Boundary lubrication in vivo

Hills, B. A. (2000) Boundary lubrication in vivo. Proceedings of the Institute of Mechanical Engineers, Part H: Journal of Engineering in Medicine, 214 1: 83-94. doi:10.1243/0954411001535264

Author Hills, B. A.
Title Boundary lubrication in vivo
Formatted title
Boundary lubrication in vivo
Journal name Proceedings of the Institute of Mechanical Engineers, Part H: Journal of Engineering in Medicine   Check publisher's open access policy
ISSN 0954-4119
Publication date 2000
Sub-type Article (original research)
DOI 10.1243/0954411001535264
Volume 214
Issue 1
Start page 83
End page 94
Total pages 12
Place of publication London, U.K.
Publisher Professional Engineering Publishing
Collection year 2000
Language eng
Subject C3
321028 Rheumatology and Arthritis
730114 Skeletal system and disorders (incl. arthritis)
Formatted abstract
Evidence is reviewed for the concept that the body employs essentially the same lubrication system in many sites in the body where tissues slide over each other with such ease. This system consists of fluid adjacent to surfaces coated with an oligolamellar lining of surface-active phospholipid (SAPL) acting as a back-up boundary lubricant wherever the fluid film fails to support the load-a likely event at physiological velocities. Particular attention is paid to the load-bearing joints, where the issue of identifying the vital active ingredient in synovial fluid is reviewed, coming down-perhaps predictably-in favour of SAPL. It is also explained how Lubricin and hyaluronic acid (HA) could have 'carrier' functions for the highly insoluble SAPL, while HA has good wetting properties needed to promote hydrodynamic lubrication of a very hydrophobic articular surface by an aqueous fluid wherever the load permits.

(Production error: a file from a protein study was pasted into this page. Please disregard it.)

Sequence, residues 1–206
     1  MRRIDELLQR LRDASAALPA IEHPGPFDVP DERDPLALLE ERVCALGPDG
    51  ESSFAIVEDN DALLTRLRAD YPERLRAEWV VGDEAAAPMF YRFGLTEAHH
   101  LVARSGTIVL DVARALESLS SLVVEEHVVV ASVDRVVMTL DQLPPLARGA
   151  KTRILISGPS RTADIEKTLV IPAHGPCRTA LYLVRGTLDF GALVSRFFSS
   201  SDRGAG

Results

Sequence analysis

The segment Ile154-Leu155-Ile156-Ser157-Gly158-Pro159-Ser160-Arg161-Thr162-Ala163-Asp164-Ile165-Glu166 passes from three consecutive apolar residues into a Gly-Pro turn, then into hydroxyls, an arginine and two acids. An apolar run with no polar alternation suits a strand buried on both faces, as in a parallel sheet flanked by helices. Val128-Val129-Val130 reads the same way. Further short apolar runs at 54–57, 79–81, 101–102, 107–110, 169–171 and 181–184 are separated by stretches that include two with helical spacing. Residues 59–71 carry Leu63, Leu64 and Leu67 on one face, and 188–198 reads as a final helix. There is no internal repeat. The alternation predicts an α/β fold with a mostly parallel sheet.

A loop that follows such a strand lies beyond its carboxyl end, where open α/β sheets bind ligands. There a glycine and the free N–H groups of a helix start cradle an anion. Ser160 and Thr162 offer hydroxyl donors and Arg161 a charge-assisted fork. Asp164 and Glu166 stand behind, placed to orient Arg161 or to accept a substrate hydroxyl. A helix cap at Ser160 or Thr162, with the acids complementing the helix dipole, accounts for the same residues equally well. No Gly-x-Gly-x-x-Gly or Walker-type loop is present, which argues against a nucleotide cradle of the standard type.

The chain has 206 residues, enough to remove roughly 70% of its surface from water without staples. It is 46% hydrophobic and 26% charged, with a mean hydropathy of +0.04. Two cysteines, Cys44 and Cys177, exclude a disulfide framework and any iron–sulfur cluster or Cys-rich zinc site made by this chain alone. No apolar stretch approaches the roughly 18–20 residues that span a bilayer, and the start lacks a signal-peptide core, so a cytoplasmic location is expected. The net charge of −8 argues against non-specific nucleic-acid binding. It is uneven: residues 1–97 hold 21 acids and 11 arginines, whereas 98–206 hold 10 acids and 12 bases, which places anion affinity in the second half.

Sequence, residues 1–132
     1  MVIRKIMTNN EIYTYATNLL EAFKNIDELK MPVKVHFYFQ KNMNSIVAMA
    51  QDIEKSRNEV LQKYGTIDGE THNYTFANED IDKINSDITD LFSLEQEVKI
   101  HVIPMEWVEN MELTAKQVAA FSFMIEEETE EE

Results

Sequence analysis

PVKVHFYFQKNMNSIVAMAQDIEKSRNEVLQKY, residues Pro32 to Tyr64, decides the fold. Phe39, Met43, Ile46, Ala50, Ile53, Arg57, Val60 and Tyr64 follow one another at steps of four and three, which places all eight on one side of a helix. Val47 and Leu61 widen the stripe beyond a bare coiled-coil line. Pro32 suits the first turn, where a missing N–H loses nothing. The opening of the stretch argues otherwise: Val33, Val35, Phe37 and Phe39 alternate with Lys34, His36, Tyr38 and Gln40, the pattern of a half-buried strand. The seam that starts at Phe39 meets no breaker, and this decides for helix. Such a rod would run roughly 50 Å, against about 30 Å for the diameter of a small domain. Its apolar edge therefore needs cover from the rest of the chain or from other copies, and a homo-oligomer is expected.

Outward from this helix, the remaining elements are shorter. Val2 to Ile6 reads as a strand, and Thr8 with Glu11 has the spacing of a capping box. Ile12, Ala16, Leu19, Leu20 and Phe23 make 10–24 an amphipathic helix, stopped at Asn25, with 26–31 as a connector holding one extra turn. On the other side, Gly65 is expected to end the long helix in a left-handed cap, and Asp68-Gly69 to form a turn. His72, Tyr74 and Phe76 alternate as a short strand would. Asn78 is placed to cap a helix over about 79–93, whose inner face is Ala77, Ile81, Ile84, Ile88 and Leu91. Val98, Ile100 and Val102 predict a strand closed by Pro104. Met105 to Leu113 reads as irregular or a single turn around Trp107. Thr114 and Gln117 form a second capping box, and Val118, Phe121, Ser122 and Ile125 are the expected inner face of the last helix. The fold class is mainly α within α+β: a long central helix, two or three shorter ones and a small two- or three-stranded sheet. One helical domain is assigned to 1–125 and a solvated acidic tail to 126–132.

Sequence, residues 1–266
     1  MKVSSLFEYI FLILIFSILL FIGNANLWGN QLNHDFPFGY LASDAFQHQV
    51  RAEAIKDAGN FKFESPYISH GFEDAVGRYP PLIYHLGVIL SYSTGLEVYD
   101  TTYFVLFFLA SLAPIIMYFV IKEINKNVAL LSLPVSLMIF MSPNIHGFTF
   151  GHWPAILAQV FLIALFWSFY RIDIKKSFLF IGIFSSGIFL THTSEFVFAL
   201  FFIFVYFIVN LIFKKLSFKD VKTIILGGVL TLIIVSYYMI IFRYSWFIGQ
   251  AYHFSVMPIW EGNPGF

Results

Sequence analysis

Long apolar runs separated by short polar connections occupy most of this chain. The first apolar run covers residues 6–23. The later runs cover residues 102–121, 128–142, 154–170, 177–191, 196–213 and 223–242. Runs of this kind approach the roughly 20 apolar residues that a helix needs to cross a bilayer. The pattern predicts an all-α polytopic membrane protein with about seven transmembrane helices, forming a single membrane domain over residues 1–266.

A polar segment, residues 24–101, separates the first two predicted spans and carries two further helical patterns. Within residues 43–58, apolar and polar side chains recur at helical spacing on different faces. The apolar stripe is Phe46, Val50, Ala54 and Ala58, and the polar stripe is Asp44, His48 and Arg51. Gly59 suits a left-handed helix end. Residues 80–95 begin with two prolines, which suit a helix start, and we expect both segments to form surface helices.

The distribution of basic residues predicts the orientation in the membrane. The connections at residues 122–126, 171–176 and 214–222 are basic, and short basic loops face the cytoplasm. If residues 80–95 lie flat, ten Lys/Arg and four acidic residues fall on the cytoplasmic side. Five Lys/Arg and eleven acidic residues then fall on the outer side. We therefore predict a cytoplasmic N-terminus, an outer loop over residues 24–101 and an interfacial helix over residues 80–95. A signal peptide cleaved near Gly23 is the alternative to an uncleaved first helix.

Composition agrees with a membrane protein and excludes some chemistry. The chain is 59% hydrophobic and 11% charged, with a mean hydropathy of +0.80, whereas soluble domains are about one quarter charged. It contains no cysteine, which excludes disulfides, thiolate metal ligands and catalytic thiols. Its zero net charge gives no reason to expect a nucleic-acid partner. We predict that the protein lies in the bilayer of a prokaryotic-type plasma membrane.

In addition to friction and wear, release is included as another major role of boundary lubricants, especially relevant in environments where proteins are found, many having adhesive properties. The discussion is extended to a mention of the lubrication of prosthetic implants and to disease states where a deficiency of boundary lubricant is implicated, particular attention being paid to osteoarthritis.
© IMechE 2000
Keyword Engineering, Biomedical
Engineering, Mechanical
Boundary Lubrication
Prosthetic Implants
Surface-active Phospholipid
Articular Surfaces
Q-Index Code C3

Document type: Journal Article
Sub-type: Article (original research)
Collection: School of Medicine Publications
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Citation counts: TR Web of Science Citation Count  Cited 135 times in Thomson Reuters Web of Science Article | Citations
Scopus Citation Count Cited 156 times in Scopus Article | Citations
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Created: Tue, 10 Jun 2008, 13:22:30 EST